Contact centres: looking back and looking forward

By Colin Taylor

DM Magazine is celebrating 30 years. Wow! 1988 sounds like eons ago but somehow at the same time it doesn’t feel like it was that long ago either.

In 1988, I was much younger, thinner with less grey and more hair than today. The contact centre industry was different as well. For starters it wasn’t called the contact centre industry, but rather the telemarketing industry and we differentiated between inbound and outbound telemarketing. The change to contact centres didn’t arrive until the early 2000s: before that we were the call centre industry starting in the mid-1990s.

The name isn’t the only way the industry has changed. In 1988 I was working at CPM Hull Colvey (now there’s a name from the past) and we had just replaced our “call director” phone system for a Nortel SL1 (more names from the past). The entire industry was embarking on big technological changes, with paper lists and hand-written forms being replaced by computers. In ’88, I think, we had only moved to Intel 286 PCs the year prior.

Other changes included moving from handsets (the ones with the shoulder cradles) to headsets. As computerization made inroads we began to see a need for typing skills, long before keyboarding was thought of and in ’88 it began to show up on our new hire applications. In ’88 we also implemented our first IVR system and used it to deliver a “joke of the day” phone number that supported the launch of Moosehead beer in Ontario. In previous years we had employed endless loop cassette tapes to deliver programmes such as the Santa Claus Hotline for Canada Post.

There were no sales force automation (SFA) software or customer relationship management (CRM) platforms back then. There were no predictive dialers in place, so all outbound calls had to be manually dialled. There was no voice mail and very few answering machines so even though the process was manual the completion rates were significantly higher than we see today. There was also no Internet, no cloud and no interactive web chat. Cell phones had only been introduced three years earlier in Canada, so few people had one. And those that did, used them only for phone calls as there was no SMS/text capabilities.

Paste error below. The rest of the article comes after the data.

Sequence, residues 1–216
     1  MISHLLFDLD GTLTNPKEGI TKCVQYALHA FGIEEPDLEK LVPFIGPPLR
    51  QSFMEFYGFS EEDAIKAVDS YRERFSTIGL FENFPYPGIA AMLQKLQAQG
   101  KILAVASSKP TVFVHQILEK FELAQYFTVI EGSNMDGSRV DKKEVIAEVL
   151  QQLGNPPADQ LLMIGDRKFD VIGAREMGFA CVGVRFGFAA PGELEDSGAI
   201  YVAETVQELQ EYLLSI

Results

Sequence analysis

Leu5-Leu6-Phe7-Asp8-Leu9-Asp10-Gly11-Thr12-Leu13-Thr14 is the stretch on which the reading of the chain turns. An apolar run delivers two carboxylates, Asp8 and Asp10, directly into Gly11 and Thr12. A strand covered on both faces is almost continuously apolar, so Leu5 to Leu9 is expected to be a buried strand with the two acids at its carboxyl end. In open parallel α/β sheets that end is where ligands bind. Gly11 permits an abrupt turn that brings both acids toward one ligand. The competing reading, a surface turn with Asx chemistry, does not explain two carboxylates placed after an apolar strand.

Yes, it was the dark ages. But we did have Direct Marketing News (DMN) and in each issue we could read about industry news for direct marketing and telemarketing, or call centres or contact centres. In the pages of the magazine we could see all the industry technological and operational changes unfold before our eyes.

Having journeyed down memory lane, I retract my earlier comment…it was eons ago and feels like it too. But no industry remains static. As we look to a future with chatbots, artificial intelligence (AI), intelligent virtual agents and virtual assistants that increasingly automates simple and easy tasks, and to a shifting focus toward the Customer Experience, we can watch the contact centre worker become the knowledge worker. One who solves complex problems and resolves customer issues, because complex is all that is left once all of the simple, transactional and easy tasks are automated. And I am sure we will have DMN, which has become DM Magazine, along for the journey, informing, sharing and keeping us connected to this industry for another 30 years.

Colin Taylor is CEO and chief chaos officer, The Taylor Reach Group (www.thetaylorreachgroup.com).

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